Ms. L, age 37, presents to psychiatric emergency services with command auditory hallucinations, ideas of reference, and suicidal ideation.
Ms. L has a 22-year history of schizophrenia. Additionally, she has a history of cocaine use disorder (in remission for 12 years), cannabis use disorder (in remission for 6 months), type 2 diabetes mellitus, and hypertension. Her psychotic symptoms are well controlled on a regimen of clozapine, 700 mg/d, and paliperidone palmitate, 156 mg/month. Ms. L says she has been adherent to these medications, and this is confirmed by the assertive community treatment (ACT) team member who administers the medications at Ms. L’s home each day.
On interview, Ms. L reports smoking cannabis each day for the past month and using $400 worth of cocaine over 2 days. She is experiencing intense guilt over these relapses and is admitted to the inpatient adult psychiatry unit. On admission, Ms. L’s clozapine and norclozapine trough levels (drawn approximately 12 hours after last administration documented by the ACT member) are 300 and 275 ng/mL, respectively. Generally, clozapine levels >350 to 420 ng/mL are considered therapeutic, and a clozapine-to-norclozapine ratio of 2:1 is desirable for maximum efficacy and tolerability. Because Ms. L’s clozapine level is <350 and her ratio is approximately 1:1, her clozapine treatment is subtherapeutic.
Because Ms. L has a history of documented adherence to and benefit from her current medication regimen, no changes are made during her 3-week hospital stay. She notices a gradual reduction in auditory hallucinations, no longer wants to harm herself, and is motivated to regain sobriety.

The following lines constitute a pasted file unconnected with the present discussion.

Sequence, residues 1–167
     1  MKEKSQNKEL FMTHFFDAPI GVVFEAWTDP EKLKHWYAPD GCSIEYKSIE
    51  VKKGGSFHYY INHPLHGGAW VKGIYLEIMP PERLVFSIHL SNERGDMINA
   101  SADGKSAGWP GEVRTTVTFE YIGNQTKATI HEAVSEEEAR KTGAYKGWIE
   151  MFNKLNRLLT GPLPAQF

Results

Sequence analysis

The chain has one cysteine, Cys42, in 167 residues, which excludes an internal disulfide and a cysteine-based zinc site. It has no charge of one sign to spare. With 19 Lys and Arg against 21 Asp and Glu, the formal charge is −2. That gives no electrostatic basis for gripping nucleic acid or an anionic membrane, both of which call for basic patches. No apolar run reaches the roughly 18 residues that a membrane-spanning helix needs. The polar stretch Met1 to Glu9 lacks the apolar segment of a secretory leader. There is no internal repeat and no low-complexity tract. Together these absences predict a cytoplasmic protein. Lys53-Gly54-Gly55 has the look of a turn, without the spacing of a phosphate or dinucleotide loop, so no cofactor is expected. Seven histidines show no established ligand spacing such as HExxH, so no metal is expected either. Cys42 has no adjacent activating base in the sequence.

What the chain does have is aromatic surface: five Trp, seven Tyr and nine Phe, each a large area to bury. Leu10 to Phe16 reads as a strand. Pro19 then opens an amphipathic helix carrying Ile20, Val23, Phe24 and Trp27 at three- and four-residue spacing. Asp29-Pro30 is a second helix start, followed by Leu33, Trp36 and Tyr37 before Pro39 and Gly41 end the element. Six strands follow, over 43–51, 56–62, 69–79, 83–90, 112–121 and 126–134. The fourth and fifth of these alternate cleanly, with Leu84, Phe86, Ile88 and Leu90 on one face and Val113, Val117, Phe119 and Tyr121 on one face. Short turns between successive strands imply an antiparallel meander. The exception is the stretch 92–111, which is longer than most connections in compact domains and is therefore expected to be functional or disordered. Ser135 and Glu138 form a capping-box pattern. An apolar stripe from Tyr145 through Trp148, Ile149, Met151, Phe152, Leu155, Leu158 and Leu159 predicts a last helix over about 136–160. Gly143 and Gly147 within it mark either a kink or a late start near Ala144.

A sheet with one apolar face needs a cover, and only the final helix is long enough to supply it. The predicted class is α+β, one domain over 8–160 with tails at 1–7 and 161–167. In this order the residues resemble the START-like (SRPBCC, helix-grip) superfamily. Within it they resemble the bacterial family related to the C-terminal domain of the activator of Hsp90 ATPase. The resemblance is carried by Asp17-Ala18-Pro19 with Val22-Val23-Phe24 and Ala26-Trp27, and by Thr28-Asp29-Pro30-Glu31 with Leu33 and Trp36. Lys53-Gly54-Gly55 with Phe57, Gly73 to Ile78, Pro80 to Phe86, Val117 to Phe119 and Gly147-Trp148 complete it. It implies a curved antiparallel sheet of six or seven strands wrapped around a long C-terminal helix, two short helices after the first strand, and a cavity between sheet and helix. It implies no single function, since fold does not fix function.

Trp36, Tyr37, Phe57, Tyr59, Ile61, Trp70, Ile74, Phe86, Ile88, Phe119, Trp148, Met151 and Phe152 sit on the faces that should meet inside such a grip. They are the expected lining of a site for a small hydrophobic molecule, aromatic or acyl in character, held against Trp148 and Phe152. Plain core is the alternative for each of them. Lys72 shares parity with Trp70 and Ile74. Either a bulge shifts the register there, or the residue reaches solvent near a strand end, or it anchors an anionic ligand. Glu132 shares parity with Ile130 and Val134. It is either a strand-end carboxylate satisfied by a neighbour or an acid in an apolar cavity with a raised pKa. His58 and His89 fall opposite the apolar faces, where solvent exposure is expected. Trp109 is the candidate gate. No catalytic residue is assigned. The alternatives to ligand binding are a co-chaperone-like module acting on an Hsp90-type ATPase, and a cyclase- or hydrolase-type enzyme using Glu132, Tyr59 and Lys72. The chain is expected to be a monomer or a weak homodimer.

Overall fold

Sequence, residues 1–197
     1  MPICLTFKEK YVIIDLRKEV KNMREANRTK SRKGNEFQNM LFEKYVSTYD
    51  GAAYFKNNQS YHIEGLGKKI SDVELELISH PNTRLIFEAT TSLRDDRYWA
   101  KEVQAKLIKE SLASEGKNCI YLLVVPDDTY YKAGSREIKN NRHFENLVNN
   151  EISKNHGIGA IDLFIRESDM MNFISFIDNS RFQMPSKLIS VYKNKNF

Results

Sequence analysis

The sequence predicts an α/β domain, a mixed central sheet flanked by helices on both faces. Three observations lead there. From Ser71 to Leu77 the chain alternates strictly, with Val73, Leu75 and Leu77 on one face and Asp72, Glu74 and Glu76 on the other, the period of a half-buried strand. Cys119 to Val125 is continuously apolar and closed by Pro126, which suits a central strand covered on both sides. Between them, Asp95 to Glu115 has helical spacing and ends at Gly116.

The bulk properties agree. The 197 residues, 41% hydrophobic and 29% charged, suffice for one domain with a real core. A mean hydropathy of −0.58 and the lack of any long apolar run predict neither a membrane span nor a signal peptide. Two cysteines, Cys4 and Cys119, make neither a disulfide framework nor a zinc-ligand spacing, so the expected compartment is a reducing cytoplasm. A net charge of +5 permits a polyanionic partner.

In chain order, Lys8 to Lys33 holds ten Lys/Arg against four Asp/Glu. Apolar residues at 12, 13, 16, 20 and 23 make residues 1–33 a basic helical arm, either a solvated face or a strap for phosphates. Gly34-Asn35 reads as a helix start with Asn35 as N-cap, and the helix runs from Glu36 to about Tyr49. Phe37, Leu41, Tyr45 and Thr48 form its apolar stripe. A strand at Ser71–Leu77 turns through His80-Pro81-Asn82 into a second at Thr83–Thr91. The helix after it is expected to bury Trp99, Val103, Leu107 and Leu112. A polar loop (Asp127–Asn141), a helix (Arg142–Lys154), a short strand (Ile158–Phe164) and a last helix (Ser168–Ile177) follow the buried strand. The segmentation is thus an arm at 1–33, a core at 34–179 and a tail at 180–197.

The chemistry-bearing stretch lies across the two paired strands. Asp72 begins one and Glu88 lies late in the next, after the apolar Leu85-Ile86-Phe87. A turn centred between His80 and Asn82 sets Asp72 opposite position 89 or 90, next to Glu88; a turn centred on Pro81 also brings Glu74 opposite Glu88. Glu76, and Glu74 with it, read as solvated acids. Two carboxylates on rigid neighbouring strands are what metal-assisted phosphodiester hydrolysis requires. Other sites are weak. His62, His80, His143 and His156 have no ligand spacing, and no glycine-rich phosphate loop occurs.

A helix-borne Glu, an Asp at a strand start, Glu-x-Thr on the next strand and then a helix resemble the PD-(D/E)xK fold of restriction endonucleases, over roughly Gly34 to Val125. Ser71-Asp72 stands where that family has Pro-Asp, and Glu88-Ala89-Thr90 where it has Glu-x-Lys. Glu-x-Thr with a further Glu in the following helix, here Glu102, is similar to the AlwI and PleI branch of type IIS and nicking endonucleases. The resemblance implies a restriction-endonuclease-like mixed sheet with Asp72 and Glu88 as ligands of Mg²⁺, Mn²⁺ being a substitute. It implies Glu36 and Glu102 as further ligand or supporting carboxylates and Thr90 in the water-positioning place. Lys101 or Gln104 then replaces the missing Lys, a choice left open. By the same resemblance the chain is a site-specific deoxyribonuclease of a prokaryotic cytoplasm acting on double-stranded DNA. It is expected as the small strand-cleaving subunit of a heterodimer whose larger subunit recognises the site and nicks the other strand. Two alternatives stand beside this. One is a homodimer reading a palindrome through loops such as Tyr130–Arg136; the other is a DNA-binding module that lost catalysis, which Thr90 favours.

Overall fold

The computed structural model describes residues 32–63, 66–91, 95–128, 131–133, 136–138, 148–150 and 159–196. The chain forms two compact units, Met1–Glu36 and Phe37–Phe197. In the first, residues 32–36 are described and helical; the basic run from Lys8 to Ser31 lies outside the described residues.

At the time of discharge, Ms. L’s clozapine and norclozapine trough levels are 550 and 250 ng/mL, respectively, which indicates a more favorable clozapine-to-norclozapine ratio of approximately 2:1 and a clozapine level greater than the recommended minimum threshold of 350 ng/mL. While cocaine ingestion presumably played a role in her acute decompensation, the treatment team determined that Ms. L’s relapse to cannabis use likely contributed to low clozapine levels by induction of cytochrome P450 (CYP) 1A2, and subsequently led to the delayed recovery of symptom control.1
The use of illicit substances is a widespread, growing problem. According to the 2017 National Survey on Drug Use and Health, 11.5% of Americans age ≥12 had used an illicit substance (ie, use of marijuana, cocaine, heroin, hallucinogens, inhalants, or methamphetamine, or misuse of prescription psychotherapeutics) in the past month.2 While illicit substance use is of particular public health interest due to a known increase in mortality and health care spending, there has been little discussion of the impact of illicit drug use on concurrent pharmacologic therapy. Just as prescription medications have pharmacokinetic drug–drug interactions with each other, so do illicit substances, though far less is known about their impact on the treatment of medical conditions.
Key pharmacokinetic interactions have been reported with cocaine, marijuana, amphetamines, and opioids. The Table1-8 summarizes the metabolism of illicit substances.
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